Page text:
AVmail: March 8, 2010
Each week, we run a sampling of the letters received to our editorial inbox here in AVmail. One letter that's particularly relevant, informative, or otherwise compelling will headline this section as our "Letter of the Week," and we'll send the author an official AVweb baseball cap as a "thank you" for interacting with us (and the rest of our readership). Send us your comments and questions using this form. Please include your mailing address in your e-mail (just in case your letter is our "Letter of the Week"); by the same token, please let us know if your message is not intended for publication.
Letter of the Week: "Ultimately Correct"
In his letter, Terry Adams seems to decry a pilot's claim for medical benefits from one Federal Agency while not revealing his medical condition to the FAA, accusing that the pilot "lies" on his FAA paperwork with the result that he endangered others.
Terry Adams is wrong. The FAA had erred in prohibiting the unreported condition and the medications used to treat it, and subsequently reversed themselves and approved both.
While I don't condone the pilot's failure to report, I think the pilot ultimately proved correct. It appears Mr. Adams is disturbed that another pilot was able to save his career from wrong-headed bureaucrats.
Meds In The Cockpit
Regarding the letter about the suicidal pilot in Austin, studies have shown an increase in suicide while on the newer antidepressants. The FAA has this one right. Anyone interested should read Dr. Peter Breggin's book, Medication Madness.
Martin Dixon, M.D.
Kids In The Tower
For what its worth, regarding the kid in the tower at JFK: About 25 years ago, I was employed with NJ Bell and maintained all the special facilities for the control tower at Newark Airport. We had a good working relationship with the management of the tower, and they invited myself and family to tour the tower on a Sunday morning. During the tour, my daughter was asked if she wanted to talk to one of the pilots, which she did. Needless to say, it made her day.
That was then. Now, with everyone afraid of everything, the smallest infraction becomes a federal offense.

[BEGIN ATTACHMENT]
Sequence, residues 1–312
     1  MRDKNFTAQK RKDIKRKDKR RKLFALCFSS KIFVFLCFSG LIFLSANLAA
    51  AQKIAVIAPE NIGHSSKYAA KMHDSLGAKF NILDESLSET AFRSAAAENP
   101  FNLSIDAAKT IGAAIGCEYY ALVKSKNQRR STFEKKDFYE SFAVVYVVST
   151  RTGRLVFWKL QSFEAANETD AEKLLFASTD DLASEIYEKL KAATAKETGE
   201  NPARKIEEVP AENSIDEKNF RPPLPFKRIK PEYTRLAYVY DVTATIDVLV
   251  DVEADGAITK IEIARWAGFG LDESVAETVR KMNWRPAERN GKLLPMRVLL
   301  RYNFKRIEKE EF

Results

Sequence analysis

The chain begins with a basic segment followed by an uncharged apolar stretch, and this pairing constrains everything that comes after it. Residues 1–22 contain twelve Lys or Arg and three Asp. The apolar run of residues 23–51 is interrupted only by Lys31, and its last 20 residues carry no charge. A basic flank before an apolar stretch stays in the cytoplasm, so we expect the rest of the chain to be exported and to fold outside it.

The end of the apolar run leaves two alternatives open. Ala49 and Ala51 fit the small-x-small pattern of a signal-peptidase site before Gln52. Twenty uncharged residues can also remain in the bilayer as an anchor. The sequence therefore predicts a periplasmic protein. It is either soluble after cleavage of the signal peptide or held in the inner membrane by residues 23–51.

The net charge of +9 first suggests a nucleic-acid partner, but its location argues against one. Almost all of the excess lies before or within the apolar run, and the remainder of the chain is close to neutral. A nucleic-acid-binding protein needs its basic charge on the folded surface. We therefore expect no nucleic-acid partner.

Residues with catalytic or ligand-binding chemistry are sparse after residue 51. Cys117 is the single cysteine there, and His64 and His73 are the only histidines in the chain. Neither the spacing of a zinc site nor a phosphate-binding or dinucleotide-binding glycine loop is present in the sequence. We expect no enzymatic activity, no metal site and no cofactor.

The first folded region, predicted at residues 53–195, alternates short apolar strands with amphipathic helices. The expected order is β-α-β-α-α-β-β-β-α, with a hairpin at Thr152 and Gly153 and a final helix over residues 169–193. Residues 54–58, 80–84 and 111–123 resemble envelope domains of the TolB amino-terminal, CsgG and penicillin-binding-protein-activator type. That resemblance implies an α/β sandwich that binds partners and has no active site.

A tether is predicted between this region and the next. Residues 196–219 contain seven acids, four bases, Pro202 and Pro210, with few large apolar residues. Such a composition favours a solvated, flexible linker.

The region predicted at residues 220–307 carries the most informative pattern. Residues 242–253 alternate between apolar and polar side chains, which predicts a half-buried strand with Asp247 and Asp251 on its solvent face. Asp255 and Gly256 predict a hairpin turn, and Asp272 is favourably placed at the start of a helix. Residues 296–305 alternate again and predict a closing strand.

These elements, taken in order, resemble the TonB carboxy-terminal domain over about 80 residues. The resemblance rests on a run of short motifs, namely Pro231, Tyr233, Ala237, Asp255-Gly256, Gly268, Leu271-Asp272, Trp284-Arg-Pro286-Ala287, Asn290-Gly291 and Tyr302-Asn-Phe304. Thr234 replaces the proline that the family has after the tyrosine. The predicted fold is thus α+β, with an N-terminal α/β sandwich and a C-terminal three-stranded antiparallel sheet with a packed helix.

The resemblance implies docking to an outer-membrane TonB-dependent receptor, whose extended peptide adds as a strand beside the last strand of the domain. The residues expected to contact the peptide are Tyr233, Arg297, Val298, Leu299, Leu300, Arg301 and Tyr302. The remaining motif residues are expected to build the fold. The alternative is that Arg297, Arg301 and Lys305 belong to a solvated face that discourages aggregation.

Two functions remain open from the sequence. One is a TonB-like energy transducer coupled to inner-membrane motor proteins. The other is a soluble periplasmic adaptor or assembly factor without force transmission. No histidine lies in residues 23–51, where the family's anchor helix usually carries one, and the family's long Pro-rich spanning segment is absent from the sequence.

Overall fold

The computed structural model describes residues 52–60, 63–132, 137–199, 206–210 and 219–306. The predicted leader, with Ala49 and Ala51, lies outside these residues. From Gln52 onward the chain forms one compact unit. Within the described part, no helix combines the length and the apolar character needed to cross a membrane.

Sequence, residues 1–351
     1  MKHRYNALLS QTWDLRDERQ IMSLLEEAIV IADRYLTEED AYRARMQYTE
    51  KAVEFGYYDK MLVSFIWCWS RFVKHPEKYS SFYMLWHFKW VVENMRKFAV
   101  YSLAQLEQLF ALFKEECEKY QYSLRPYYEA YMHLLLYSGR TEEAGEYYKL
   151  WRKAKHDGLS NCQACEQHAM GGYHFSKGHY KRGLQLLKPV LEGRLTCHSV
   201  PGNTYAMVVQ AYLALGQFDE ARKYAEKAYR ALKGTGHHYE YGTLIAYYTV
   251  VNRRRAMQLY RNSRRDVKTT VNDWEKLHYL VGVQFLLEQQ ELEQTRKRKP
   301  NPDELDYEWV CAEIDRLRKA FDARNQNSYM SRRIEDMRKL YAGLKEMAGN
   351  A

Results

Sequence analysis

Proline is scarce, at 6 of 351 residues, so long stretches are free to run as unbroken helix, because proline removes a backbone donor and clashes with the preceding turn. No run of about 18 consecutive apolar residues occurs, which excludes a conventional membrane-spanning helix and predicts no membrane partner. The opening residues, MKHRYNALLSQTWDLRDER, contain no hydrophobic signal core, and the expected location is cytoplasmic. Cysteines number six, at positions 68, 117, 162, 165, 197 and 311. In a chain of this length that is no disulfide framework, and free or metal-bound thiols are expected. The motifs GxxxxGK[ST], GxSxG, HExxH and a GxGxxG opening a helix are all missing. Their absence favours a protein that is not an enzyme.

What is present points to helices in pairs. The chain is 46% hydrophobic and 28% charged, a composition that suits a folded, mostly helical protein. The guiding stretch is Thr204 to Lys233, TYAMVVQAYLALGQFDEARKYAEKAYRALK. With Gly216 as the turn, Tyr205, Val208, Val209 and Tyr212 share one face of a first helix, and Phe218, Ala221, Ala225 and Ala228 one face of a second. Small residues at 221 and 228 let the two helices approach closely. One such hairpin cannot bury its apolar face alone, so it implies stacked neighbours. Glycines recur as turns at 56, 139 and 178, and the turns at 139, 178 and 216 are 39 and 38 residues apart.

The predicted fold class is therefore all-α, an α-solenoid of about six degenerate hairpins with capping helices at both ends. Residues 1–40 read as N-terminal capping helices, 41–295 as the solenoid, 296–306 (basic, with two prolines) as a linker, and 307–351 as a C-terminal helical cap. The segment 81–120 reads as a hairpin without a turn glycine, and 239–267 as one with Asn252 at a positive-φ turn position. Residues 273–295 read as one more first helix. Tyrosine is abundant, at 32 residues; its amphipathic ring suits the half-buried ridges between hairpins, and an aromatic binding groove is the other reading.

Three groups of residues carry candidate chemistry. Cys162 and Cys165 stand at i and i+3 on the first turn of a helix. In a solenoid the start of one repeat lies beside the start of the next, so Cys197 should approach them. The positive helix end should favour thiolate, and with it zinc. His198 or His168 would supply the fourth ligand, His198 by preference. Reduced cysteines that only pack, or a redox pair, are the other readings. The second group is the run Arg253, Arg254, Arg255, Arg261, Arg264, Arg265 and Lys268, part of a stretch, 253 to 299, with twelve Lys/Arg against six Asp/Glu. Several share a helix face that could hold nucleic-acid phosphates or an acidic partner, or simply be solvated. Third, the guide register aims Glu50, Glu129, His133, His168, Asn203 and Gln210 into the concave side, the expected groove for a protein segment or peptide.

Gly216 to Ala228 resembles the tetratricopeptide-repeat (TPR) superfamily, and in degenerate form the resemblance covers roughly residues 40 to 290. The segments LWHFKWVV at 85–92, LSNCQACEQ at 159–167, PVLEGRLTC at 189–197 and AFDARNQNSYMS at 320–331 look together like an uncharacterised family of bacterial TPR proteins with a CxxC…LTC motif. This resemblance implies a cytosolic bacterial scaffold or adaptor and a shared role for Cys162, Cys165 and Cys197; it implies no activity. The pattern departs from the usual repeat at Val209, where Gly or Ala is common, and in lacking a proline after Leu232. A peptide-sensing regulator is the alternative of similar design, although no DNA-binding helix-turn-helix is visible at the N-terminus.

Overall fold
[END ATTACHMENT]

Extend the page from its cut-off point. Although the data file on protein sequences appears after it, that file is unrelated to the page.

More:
Today I heard all the networks speculate how this controller should be fired. I also heard about a group of teens in California that burglarized homes after partying until the wee hours of the morning. The comparison is my take.
A father brought his son [and daughter] to work and helped [them] see what he does for a living. He caused no damage, didn't get drunk, showed good parenting skills, and the networks think he should pay with his career. The teens in California had no parental guidance, got drunk, and robbed people, and the same news folks said how tragic it was and made the parents out as victims.
I think the kids in California that did this should serve time, and their delinquent parents should repay everything and serve time also.
I also think the FAA should commend the controller for steering his kids to an honorable profession and reward them with a scholarship leading to a career in air traffic control, which was demonstrated. In my 60-plus years of piloting, I have encountered less qualified controllers than the kid I heard giving clear, precise directions to pilots, who all acknowledged without question.
I just watched your video on Dave Stock's English Electric Lightning crash at Overberg AFB. I'd like to congratulate you on your presentation of the account, which I thought was well-researched and tastefully and respectfully presented.